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Obama hits Romney on 47 percent: 'I don't see a lot of victims'

 

Carolyn Kaster / AP

President Barack Obama speaks at a campaign event at G. Richard Pfitzner Stadium, Friday, Sept. 21, 2012, in Woodbridge, Va.

President Barack Obama struck back Friday at Mitt Romney's attempt to cast himself as a candidate of "change" as well as the GOP nominee's surreptitiously-recorded comments at a fundraiser earlier this year.

The president delivered some of his most forceful criticism of Romney at a campaign rally in northern Virginia, seizing on Romney's secretly videotaped remarks that he was not looking to appeal to 47 percent of the country.

“The values we believe in don't just belong to workers or businesses, the 53 percent or the 47 percent, the rich or the poor, the 1 percent, the 99 percent -- these are Americans values. They belong to all of us!” Obama said to a cheering crowd of 12,000 at a minor-league baseball stadium in Woodbridge, Virginia.

Obama also noted as a point of contrast that he happened to lose, as a matter of coincidence, 47 percent of the vote in the 2008 election, but still looked to lead as president those Americans who did not vote for him.

“In 2008 47 percent of the country didn't vote for me. But on the night of the election I said to all those Americans, I may not have won your vote but I hear your voices, I need your help and I will be your president,” he said.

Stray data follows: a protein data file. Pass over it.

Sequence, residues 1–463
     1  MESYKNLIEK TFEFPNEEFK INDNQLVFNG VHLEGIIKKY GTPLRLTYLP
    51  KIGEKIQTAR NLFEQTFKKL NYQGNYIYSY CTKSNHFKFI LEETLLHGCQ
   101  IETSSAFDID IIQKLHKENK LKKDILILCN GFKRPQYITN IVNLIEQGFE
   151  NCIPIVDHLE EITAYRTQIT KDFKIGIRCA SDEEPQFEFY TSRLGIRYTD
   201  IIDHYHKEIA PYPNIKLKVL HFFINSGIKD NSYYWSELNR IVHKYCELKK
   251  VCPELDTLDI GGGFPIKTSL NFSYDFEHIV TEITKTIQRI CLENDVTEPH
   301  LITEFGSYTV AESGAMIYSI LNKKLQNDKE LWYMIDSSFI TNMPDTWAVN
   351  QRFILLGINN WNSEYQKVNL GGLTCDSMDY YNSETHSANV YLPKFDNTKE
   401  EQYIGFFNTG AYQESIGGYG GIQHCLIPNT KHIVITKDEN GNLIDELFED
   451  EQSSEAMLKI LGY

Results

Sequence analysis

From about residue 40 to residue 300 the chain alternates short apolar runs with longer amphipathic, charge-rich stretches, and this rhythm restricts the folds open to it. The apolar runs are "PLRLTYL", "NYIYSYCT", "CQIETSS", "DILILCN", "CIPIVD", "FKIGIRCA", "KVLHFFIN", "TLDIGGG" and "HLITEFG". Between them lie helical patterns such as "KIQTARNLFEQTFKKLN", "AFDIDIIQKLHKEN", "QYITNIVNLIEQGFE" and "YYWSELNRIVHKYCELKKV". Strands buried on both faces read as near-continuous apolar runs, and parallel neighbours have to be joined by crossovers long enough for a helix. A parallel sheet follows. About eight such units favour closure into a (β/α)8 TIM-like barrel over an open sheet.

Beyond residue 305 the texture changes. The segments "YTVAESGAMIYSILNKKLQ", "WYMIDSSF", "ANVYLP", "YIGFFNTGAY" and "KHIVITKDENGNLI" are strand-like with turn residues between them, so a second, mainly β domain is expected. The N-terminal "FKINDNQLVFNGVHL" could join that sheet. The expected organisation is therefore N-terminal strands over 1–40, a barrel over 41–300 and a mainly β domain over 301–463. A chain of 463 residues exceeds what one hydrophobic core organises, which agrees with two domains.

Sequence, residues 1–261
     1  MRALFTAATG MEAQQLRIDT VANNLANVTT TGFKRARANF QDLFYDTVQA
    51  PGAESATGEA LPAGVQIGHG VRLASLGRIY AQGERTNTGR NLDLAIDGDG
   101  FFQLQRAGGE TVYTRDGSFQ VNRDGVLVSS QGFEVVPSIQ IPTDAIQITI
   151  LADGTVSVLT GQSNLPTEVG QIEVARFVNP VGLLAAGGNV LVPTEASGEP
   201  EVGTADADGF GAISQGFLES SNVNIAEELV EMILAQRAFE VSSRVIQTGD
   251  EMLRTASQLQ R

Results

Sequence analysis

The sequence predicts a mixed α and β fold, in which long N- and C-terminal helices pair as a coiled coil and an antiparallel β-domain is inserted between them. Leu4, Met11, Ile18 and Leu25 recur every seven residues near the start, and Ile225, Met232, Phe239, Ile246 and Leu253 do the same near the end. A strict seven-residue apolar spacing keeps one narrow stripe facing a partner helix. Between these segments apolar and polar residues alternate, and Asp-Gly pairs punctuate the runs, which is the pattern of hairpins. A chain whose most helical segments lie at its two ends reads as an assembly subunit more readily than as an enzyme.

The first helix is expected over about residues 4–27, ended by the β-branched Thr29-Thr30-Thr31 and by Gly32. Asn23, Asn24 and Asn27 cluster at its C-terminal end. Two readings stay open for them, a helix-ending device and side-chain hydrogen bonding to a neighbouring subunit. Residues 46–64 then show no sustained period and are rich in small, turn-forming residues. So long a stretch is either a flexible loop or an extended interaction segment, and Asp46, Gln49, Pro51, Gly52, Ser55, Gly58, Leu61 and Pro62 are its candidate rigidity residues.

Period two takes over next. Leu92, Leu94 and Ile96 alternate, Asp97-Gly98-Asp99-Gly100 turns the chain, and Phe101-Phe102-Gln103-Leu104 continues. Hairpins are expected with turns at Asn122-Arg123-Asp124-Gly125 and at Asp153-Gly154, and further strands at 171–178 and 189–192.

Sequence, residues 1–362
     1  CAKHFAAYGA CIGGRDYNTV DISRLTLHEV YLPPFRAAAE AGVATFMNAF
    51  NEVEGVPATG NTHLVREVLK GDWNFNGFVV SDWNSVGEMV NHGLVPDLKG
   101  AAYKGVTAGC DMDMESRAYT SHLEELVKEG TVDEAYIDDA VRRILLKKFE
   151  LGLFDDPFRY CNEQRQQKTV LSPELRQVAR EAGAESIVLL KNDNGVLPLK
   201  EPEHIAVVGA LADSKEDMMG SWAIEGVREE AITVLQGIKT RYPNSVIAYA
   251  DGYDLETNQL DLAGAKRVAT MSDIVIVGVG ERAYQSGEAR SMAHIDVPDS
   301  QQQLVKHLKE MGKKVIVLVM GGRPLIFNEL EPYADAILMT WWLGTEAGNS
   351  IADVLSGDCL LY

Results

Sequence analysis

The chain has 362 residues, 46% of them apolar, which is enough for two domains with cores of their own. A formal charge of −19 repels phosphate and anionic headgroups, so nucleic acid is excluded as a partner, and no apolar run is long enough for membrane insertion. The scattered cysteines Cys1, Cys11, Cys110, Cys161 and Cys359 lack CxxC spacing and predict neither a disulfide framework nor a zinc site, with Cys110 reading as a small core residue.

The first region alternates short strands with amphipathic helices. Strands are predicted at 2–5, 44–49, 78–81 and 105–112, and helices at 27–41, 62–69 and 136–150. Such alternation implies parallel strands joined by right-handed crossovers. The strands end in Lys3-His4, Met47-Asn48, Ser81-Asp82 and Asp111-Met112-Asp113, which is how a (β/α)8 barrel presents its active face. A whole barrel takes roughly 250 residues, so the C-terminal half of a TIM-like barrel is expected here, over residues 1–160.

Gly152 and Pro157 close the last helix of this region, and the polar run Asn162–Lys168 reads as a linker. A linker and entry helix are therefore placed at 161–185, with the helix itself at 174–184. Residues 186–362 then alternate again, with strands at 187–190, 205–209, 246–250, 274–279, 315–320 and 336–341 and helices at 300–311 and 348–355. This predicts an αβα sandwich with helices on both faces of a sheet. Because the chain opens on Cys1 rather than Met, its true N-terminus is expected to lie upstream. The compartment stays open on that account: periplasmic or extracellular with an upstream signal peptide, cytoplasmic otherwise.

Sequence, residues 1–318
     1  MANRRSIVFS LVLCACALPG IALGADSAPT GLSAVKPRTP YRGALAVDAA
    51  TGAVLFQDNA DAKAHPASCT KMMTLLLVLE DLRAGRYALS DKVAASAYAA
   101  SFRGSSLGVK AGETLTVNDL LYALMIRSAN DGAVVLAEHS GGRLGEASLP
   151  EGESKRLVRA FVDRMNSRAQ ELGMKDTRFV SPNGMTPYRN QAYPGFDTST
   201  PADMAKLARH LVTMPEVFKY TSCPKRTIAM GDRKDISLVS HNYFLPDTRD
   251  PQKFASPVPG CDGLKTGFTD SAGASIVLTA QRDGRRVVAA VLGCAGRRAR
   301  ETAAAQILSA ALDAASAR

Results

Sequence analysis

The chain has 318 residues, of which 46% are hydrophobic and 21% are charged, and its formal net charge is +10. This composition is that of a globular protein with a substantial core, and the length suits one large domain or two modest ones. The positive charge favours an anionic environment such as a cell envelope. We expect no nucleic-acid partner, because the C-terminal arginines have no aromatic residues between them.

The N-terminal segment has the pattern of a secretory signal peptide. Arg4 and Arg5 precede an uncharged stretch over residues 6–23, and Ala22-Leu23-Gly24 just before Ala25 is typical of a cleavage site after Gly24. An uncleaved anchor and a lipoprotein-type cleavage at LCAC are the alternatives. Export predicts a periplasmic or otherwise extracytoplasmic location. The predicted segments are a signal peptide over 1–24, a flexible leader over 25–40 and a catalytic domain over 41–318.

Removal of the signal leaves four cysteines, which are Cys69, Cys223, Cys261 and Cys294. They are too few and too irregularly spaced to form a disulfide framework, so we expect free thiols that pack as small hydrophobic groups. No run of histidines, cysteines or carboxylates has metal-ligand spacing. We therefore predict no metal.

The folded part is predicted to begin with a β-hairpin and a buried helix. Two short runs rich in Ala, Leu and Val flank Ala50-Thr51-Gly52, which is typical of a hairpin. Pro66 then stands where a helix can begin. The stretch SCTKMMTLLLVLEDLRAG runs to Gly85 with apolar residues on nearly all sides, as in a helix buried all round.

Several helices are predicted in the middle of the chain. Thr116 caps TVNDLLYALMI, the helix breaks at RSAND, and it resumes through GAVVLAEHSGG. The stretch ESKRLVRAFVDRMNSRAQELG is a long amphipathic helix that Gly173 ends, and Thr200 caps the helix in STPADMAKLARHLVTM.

“And for everybody who's watching or anybody here who's still undecided, I don't know how many people are going to vote for me this time around, but I'm telling the American people, I will be fighting for you no matter what,” he continued.

The president also took issue in Woodbridge with Romney’s statement during the fundraiser that that 47 percent of voters, who don’t pay income taxes and may be on government assistance, are “victims.”

“I don't see a lot of victims in this crowd today,” he said. “I see hard-working Virginians.”

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Obama also struck back on Romney’s criticism Thursday after Obama, speaking at a Univision town hall that day, said he realized after taking office that “you can’t change Washington from the inside.”

At a rally in Sarasota, Florida, shortly after Obama finished his town hall, Romney retooled his stump speech to include this criticism: “The president today threw in the white flag of surrender again. He said he can’t change Washington from inside, he can only change it from outside. Well, we’re going to give him that chance in November. He’s going outside!”

“I can change Washington, I will change Washington, we’ll get the job done from the inside,” Romney continued.

Friday, Obama turned Romney’s words against him, mocking him for getting “really excited” about the remark and rewriting his speech.

“He stood up at a rally. Proudly declared: I'll get the job done from the inside,” Obama said. “What kind of inside job is he talking about?”

Later, he repeated the charge: “We don't want an inside job in Washington. We want change in Washington!”